The real effects of student loan forgiveness

"Joe Biden" by Gage Skidmore is licensed under CC BY-SA 2.0

By Pamela Sari, Marja Koos and Shiyang Yi 
Boston University News Service

A ruling by the 8th Circuit Court of Appeals temporarily blocked the Biden-Harris Administration’s Student Debt Relief Plan from continuing, not even a month after applications for the plan opened. The blockage was in response to an emergency motion imposed by attorneys from six Republican-led states. Since then, other litigations have imposed further problems on Biden’s plan, which would forgive up to $20,000 in student debt for eligible Americans. 

U.S. District Judge Mark Pittman froze applications for the plan Nov. 10 after filing court documents that declared the plan “unlawful” because Biden did not follow federal procedures that allow for public comment prior to the announcement of the plan. 

Around 26 million people applied to the debt forgiveness program by the time Pittman froze the program. The government has stopped taking applications as litigations continue. The Biden administration has since asked the Supreme Court to allow its plan to go into effect despite current litigations.

Approval letters via email were sent to select individuals over the Nov. 19 weekend. The approval letter stated that although certain applicants were approved for the plan, the current litigations have “blocked our ability to discharge your debt at present,” said U.S. Secretary of Education Miguel A. Cardona in the email. 

Over the span of about 10 years, American attitudes towards college funding shifted, according to Brian Powell, a professor of sociology at Indiana University. Recently, a majority of people think that higher education should be funded in collaboration between the government and the families of students. Back in 2010, the majority of Americans responded that it was the responsibility of parents and students.

Powell said this shift is likely due to increased recognition of higher education’s effect on American society, as well as rising tuition costs. 

Recent research found that more people are in favor of some form of loan forgiveness than are opposed, according to Powell. The debate is no longer about “no forgiveness versus forgiveness,” but about who should be forgiven and how much “real shift” will occur as a result.   

“One view is that we should provide debt relief for the people who need it the most. Usually, that discussion is more based on income,” said Powell. “The other cluster of people say that debt relief should be a benefit for all.” Research shows more people are in support of the second cluster.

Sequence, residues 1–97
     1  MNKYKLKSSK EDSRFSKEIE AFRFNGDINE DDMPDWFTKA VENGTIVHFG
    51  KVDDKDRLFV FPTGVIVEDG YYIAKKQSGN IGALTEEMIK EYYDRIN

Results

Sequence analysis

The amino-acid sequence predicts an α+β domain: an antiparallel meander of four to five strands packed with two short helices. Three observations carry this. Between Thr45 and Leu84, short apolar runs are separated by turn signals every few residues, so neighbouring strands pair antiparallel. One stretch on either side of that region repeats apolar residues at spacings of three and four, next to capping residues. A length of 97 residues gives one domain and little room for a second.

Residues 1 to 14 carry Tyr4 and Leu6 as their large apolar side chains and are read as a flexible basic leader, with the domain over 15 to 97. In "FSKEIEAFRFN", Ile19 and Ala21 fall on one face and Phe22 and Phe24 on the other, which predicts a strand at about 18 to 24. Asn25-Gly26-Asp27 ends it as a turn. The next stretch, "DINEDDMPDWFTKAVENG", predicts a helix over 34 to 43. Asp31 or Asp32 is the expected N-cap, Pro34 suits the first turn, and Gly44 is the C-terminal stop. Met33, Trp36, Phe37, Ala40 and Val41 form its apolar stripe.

Student loan debt affects family formation, net worth, home ownership and the way students view the return on their degree, said Melinda Lewis, a School of Social Welfare professor at the University of Kansas. Lewis said that these effects vary across socioeconomic status, race and ethnicity. 

“Students of color and students from low-wealth family backgrounds tend to have higher default rates and slower repayment rates,” said Lewis. Taking a longer time to repay student debts means “the return on that degree erodes or is delayed at best.”

A degree’s return can give students the ability to build assets toward lifelong financial security, according to Lewis. 

Student debt often distorts a student’s decision about what career to pursue in college and their decision to continue to graduate school. “Students will usually pick a career that will allow them to reap the most economic benefits,” said Lewis, “which in some cases means going against a career that they will be a better fit in.” 

She said debt forgiveness should be targeted and socioeconomic, racial and ethnic backgrounds must be taken into consideration to ensure debt forgiveness is working to equalize higher education. “We want higher education to deliver an equitable path to upward mobility,” Lewis said.

Both Lewis and Powell agree that financing higher education is a problem that goes beyond student loan debt forgiveness. 

“Forgiving loans are temporary,” said Powell. “It’s a band-aid that doesn’t solve the core problem.” Free or reduced tuition without restraints on universities is “something that the public really was buying into,” he said. 

Randall Ellis, an economics professor at Boston University, said the Biden-Harris Administration’s Student Debt Relief Plan is a great program that helps low-income students confront inflation and improves resource redistribution in society.

“I think that Biden’s decision was excellent,” said Ellis. “It is a way of transferring money to lower-income people, so it has equity improvements, and it will increase the consumption of that group who is suffering the most.”

BU alum Daniel Li, who graduated this past spring, was eligible for Biden’s plan, among other existing loan forgiveness plans. With almost the entirety of his loans forgiven, Li felt free to pursue a career “without the pressure of paying the loans off as soon as possible,” he said. 

“It’s opened up my horizons and given me the chance to find my dream path,” Li said. “I’m grateful I made it through that window of opportunity.” 

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